The problems with the clergy-laity system are a) centuries old and b) pandemic. Most of my disputes with this system run pretty deep and are long-lived,¹ but this particular rant is rather shallow.
Having recently visited a church I’d been a member of years ago, in which one preacher had filled the pulpit for about 50 years, I suppose it was inevitable that, soon after, I saw two articles about other, way-too-long-term preachers. (These things seem to come in multiples.) First, the man I once knew. Then, another octogenarian, celebrating 50 years with the same church. And then a feature article about a guy who was with one church more than a quarter-century and with another church in the same city for 10 years.
This man is surely a wonderful man, with a good heart and a love for God.
But he is quoted as having said … and, you know, everything has the potential for being quoted out of context … but, get this:
Church growth must begin with the preacher.
Yeah . . . NO.
Oh, my goodness. . . .
First off, the term “church growth” is loaded, and I don’t accept its chock-full package as entirely worthy of discussion. Sure, the growing of churches is likely a good thing — at least potentially so, for some churches grow merely in an opposite reaction to the decline of other churches, which fact makes the growth rather moot. Numerical growth in terms of overall congregational “membership,” then, may be good but also may be neutral. Spiritual growth is not quantifiable. In my experience, “church growth ‘experts’ ” focus almost exclusively on quantifiable data.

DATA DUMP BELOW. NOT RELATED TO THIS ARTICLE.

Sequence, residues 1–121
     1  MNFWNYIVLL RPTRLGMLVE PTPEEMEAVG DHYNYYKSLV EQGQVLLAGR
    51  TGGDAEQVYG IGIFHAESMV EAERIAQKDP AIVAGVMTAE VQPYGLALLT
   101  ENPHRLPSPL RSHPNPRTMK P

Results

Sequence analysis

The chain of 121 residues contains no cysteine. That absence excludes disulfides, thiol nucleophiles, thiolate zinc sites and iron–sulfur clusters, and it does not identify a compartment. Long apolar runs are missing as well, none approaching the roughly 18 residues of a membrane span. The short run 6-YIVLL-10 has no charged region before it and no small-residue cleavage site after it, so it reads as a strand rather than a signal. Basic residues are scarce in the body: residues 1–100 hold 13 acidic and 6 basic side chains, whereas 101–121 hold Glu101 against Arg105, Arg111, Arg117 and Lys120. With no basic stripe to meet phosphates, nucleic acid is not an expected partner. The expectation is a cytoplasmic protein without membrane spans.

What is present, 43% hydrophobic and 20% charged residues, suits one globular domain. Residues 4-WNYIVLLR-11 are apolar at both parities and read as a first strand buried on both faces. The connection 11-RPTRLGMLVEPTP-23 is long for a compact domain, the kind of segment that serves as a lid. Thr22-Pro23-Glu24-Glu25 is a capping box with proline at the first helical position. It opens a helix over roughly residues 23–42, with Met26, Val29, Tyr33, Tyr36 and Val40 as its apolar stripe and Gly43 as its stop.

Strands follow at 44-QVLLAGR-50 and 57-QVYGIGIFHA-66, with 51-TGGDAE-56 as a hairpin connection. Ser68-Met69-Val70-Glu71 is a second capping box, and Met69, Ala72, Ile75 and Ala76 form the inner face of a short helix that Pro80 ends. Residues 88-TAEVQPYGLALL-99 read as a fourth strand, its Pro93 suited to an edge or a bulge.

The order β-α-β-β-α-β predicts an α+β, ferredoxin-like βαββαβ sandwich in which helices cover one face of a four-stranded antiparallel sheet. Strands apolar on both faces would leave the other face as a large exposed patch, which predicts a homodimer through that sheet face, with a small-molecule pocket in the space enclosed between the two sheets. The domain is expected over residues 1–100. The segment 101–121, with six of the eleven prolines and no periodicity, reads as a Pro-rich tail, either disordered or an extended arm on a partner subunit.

Even if one accepts (or ignores as loaded) the term “church growth,” the notion that “growth much begin with the preacher” is ludicrous on at least two levels.
- First, the presence of a preacher is required by no biblical text that I know of, and this fact negates the “must.”
- Moreover, I would assert that if either spiritual or numerical growth is preacher-driven, it is growth that is not going to last.
Preachers, of course you should keep growing and not become stagnant. (This self-evident truth may get at the speaker’s intent more than the ripped-from-context quote.) My rant here is in no way intended to ignore the human tendency to become stale. I have had good models in staying current in one’s discipline, including my grad advisor Ken Singleton, who, for instance, annually updates his repertoire list with new, good music, refusing to do anything but grow. Preachers should do similar things, studying new books and documents and Greek and methods, etc. But really, preachers, don’t be deceived into thinking that you should function as the center of things.
P.S. to the Christian Chronicle: I chose not to read this article in depth. It’s a matter of time and priorities for me. But let’s think about the big, bold quotation at the top of the page for a moment. Couldn’t you have chosen a better seven-word quote to pull out for highlighting? Surely there were better, more on-target things that he said! 🙂
¹ Grandmother Kathryn Ritchie (1909-1988) taught me that “long-lived” was originally pronounced with a long “i,” as in “dive.” I have trouble saying it that way now, because everyone thinks it’s wrong. Often, taking the less popular way ends up being right, right?